Piramal Swasthya, Rockefeller Foundation tie up for digital project to improve public health

Our Bureau Mumbai | Updated on December 18, 2019 Published on December 17, 2019

Project will use digital technology to reduce preventable deaths in aspirational districts and tribal areas

The Piramal Swasthya Management and Research Institute has formalised a partnership with the Rockefeller Foundation to support the Centre’s efforts towards Universal Health Coverage.

“We are looking at digital technologies including AI (artificial intelligence) to help improve public health outcomes across the country,” Dr Swati Piramal, Vice-Chairperson, Piramal Group, and Director, Piramal Swasthya, told BusinessLine on the partnership that builds on an existing alliance with the NITI Aayog for work in 25 aspirational districts. Piramal Swasthya is the primary healthcare initiative of the Piramal Foundation.

The Rockefellar Foundation partnership will leverage digital technology to reduce preventable deaths among mothers and children in the 25 districts and tribal areas. The project starts with five districts and will be scaled up subsequently.

Maternal, child mortality

“We are using maternal and child mortality as sentinel indicators of public health,” said Dr Naveen Rao, MD and Senior Vice-President, Health, with the Rockefeller Foundation. About 2,900 mother and child lives are lost every day, that’s equivalent to seven jumbo jets crashing, he said, adding that these are entirely preventable. A breakthrough from an insight gleaned from data will help leap-frog the problem, he said.

Outlining opportunities, he pointed to how farmers in Rajasthan benefited from commercial crop and farming data that was digital and available on their phones, while their wives who were community health workers “still live in the 19 century,” he said.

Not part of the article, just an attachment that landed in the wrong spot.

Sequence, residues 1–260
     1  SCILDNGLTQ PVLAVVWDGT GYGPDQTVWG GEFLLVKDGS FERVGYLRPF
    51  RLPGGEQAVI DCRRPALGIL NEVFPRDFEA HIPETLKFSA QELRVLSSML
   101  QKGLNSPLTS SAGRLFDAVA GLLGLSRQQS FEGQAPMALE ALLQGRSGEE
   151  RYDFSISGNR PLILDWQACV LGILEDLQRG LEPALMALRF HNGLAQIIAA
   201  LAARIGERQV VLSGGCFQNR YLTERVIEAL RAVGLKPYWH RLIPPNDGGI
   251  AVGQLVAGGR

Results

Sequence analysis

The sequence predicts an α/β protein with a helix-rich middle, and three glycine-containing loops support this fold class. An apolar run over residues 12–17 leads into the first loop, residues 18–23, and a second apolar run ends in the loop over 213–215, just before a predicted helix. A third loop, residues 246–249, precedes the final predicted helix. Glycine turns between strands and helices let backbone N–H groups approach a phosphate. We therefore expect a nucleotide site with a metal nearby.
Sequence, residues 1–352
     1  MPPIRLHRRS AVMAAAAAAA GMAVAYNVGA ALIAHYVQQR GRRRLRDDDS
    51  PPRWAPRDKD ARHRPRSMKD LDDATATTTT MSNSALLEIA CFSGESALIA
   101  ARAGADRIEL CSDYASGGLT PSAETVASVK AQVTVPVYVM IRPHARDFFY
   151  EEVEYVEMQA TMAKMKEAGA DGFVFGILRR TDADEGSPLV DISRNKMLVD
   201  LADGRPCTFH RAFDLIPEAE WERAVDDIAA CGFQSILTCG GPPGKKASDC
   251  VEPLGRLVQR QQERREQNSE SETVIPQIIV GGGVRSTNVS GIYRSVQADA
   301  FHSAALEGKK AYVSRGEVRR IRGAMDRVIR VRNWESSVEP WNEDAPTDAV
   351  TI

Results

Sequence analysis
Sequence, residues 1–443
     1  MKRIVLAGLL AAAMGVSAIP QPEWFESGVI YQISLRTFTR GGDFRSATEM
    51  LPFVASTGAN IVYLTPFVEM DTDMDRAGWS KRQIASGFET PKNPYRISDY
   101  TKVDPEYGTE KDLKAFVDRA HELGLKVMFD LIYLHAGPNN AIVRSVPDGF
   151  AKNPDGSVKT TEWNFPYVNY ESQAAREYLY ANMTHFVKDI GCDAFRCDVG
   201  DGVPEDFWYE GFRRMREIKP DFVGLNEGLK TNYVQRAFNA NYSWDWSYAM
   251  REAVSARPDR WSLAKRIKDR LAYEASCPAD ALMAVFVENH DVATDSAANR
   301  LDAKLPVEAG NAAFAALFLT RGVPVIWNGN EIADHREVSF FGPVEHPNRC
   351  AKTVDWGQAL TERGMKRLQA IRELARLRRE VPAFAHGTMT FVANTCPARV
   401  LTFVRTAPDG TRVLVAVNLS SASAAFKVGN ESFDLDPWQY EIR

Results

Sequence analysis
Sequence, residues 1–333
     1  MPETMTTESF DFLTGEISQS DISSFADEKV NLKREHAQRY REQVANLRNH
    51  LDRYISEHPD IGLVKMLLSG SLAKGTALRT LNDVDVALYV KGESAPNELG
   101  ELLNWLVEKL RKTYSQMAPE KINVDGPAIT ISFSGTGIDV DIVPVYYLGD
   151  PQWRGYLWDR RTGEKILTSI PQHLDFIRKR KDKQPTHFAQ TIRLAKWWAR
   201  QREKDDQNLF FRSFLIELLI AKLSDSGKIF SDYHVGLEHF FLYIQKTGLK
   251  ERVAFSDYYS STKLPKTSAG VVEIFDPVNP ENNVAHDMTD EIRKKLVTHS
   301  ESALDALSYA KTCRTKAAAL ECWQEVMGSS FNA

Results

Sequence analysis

AI for cancer detection

Giving another example of where they have already seen the benefits of data-driven insights, Dr Piramal said they were using AI in a pilot project in Assam to detect breast cancer. Other projects in different parts of the country include identifying women with high-risk pregnancies, and in the area of diabetic retinopathy, said a representative with the organisation.

Dr Piramal also referred to a telemedicine project in Andhra Pradesh that helped bring down maternal mortality to zero over the years. The task is to multiply that across 25 other districts, she said.

Piramal Swasthya has also developed Amrit, a primary care digital platform that government organisations and health workers could, for instance, use to understand health trends, Dr Piramal said.

Arms-length approach

Responding to concerns on data ownership, privacy and conflict of interest, she said the data will be owned by the government. Dr Rao said the data will be anonymised.

On the arms-length needed between health projects and corporate involvement, Dr Piramal said there is no direct correlation with the project as the company had exited its domestic formulations business years ago and not selling medicines related to the project.

Dr Rao said the project is not time limited and that they are interested in looking at non-communicable diseases and mental health. But the partnership has started off with the most vulnerable segment, he added.

The present partnership looks to develop and test novel approaches for using digital technology, including mobile communications, predictive analytics, AI and machine learning, towards efficiently and effectively delivering primary healthcare services.

It will also assess how vital information on community health needs can be better collected and analysed through digital tools, so that the government and others can make informed, real-time decisions about targeting health resources, a note on the partnership said.

The Piramal Foundation has invested about $8 million annually in these initiatives, Dr Piramal said, adding that they work with other organisations to tap into their expertise.

The Rockerfellar Foundation had invested $ 1 million in the project, Dr Rao said.

The partnership focuses on five of the 25 Aspirational Districts mentored by NITI Aayog.

They are part of the 117 Aspirational Districts identified by the Indian government as having urgent health and development needs. Many residents of these districts are members of tribal populations, who have significantly worse health outcomes than non-tribal populations.

Maternal mortality rates in India are 122 deaths per 100,000 live births, while in the tribal communities it is even higher.

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Published on December 17, 2019
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